Evaluation in Media Discourse: Analysis of a Newspaper Corpus by Monika BednarekEvaluation in Media Discourse: Analysis of a Newspaper Corpus by Monika Bednarek

Evaluation in Media Discourse: Analysis of a Newspaper Corpus

byMonika Bednarek

Paperback | January 1, 2009

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Evaluation is the linguistic expression of speaker/writer opinion, and has only recently become the focus of linguistic analysis. This book presents the first corpus-based account of evaluation; one hundred newspaper articles collated to form a 70,000 word comparable corpus, drawn from both tabloid and broadsheet media. The book provides detailed explanations and justifications of the underlying framework of evaluation, as well as demonstrating how this is part of the larger framework of media discourse. Unlike many other linguistic analyses of media language, it makes frequent reference to the production circumstances of newspaper discourse, in particular the so-called 'news values' that shape the creation of the news. Cutting-edge and insightful, Evaluation in Media Discourse will be of interest to academics and researchers in corpus linguistics and media discourse.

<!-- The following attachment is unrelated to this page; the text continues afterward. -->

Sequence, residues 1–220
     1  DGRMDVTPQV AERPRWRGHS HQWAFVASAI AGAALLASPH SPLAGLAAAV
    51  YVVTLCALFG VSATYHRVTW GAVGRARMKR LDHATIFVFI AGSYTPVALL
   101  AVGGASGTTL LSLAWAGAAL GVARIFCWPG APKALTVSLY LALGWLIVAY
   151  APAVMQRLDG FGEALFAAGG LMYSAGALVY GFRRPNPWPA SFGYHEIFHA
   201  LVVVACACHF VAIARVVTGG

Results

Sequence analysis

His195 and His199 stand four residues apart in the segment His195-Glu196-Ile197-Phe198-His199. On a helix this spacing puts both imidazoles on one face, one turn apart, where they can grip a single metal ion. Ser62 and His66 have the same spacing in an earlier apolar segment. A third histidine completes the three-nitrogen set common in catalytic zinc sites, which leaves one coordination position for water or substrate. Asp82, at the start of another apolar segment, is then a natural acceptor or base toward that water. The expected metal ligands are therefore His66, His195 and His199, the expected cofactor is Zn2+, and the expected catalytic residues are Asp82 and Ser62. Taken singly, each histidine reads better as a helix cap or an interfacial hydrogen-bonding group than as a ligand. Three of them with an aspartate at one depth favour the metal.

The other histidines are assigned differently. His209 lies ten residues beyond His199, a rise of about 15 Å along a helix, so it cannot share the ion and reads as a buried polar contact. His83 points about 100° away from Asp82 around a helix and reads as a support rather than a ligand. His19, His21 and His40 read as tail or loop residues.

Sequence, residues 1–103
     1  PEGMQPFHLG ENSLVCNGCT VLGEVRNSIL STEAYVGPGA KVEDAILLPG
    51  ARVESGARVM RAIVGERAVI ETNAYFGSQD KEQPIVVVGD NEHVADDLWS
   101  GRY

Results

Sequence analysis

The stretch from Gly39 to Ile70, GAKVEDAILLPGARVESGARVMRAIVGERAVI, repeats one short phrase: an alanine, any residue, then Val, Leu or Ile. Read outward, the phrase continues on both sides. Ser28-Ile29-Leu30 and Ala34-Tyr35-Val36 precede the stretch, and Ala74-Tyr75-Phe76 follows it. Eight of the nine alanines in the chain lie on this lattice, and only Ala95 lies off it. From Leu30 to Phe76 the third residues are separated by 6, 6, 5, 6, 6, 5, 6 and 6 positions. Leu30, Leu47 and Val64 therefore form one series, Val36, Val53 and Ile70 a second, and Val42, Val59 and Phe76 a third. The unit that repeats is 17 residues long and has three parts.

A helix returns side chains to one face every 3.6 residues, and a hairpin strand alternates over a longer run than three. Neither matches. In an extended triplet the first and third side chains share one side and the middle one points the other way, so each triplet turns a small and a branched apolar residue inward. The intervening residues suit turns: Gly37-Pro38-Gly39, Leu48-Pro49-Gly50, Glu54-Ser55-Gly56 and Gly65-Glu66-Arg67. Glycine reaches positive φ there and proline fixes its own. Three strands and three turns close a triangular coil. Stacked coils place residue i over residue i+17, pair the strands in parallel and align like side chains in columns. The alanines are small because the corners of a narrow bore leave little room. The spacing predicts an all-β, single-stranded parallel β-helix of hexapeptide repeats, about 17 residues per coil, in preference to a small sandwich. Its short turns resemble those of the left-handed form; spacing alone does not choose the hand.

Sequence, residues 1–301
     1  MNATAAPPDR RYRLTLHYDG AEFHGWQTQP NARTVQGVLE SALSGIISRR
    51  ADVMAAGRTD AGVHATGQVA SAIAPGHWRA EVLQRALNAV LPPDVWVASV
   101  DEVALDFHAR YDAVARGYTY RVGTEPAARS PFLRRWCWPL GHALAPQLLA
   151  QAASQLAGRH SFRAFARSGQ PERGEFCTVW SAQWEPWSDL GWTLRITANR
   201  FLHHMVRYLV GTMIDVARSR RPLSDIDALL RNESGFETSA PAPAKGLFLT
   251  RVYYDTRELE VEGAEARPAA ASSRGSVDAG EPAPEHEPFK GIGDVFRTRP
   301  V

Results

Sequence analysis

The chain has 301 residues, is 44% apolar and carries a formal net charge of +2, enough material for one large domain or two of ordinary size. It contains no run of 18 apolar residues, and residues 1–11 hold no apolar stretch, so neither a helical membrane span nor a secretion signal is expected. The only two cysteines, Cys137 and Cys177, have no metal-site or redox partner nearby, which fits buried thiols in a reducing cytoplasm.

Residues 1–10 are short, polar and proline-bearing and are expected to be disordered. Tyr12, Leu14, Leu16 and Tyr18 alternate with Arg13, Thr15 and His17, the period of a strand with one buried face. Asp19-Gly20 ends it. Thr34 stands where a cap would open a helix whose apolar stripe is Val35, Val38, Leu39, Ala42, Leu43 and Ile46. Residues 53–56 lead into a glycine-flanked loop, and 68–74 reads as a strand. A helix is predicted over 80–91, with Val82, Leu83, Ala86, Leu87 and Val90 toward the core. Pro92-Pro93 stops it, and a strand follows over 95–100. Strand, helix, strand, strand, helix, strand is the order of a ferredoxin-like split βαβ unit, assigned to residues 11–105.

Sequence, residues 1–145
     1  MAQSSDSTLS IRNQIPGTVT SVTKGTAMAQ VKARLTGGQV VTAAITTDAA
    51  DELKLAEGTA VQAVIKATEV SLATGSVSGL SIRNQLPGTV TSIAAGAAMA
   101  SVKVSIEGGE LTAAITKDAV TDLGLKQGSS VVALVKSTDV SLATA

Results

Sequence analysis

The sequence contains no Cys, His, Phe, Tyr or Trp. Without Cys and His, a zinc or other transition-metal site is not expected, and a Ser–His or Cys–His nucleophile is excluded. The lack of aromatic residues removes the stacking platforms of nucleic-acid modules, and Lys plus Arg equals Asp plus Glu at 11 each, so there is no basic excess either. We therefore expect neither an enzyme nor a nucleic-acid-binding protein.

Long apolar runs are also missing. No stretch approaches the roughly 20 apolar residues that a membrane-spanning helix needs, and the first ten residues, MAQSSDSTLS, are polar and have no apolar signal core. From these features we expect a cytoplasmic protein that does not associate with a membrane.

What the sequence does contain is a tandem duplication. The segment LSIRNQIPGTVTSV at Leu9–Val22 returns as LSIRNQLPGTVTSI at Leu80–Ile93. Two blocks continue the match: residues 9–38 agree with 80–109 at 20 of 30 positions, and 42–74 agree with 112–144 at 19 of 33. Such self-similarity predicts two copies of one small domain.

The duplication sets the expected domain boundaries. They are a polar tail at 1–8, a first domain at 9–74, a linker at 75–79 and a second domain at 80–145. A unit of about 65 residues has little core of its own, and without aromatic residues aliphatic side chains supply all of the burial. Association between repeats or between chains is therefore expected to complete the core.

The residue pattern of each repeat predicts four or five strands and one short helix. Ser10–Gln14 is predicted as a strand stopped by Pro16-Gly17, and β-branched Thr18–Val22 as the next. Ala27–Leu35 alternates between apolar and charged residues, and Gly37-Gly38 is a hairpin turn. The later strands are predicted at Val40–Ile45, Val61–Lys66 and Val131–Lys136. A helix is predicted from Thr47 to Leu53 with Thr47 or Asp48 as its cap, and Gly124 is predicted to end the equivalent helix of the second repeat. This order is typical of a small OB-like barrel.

Monika Bednarek is Senior Lecturer in Linguistics at the University of Sydney, Australia.
Title:Evaluation in Media Discourse: Analysis of a Newspaper CorpusFormat:PaperbackDimensions:272 pages, 9.2 × 6.24 × 0.6 inPublished:January 1, 2009Publisher:BloomsburyLanguage:English

The following ISBNs are associated with this title:

ISBN - 10:1847063349

ISBN - 13:9781847063342

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Table of Contents

Introduction I. Evaluation and newspaper discourse 1. Analysing evaluation in the news 2. The news story in its context 3. Delimiting evaluation 4. A new theory of evaluation II. Evaluation in the press: a corpus-based analysis 5. Evaluation in the press: a corpus-based pragmatic analysis III. Empirical and theoretical issues 6. Evaluation: broadsheets vs. tabloids 7. Implications for a new theory of evaluation References Appendices

Editorial Reviews

The author skillfully combines the quantitative calculations of distrubution of evaluations and qualitative comments on their discourse functions. The author ensured the validity of her choice of what as marked as evaluative also by consulting previous research, native speakers, the Bank of English and corpus-based dictionary. Further strengths of Bednarek's approach are that it is eclectic and does not require commitment to a particular theory of grammar.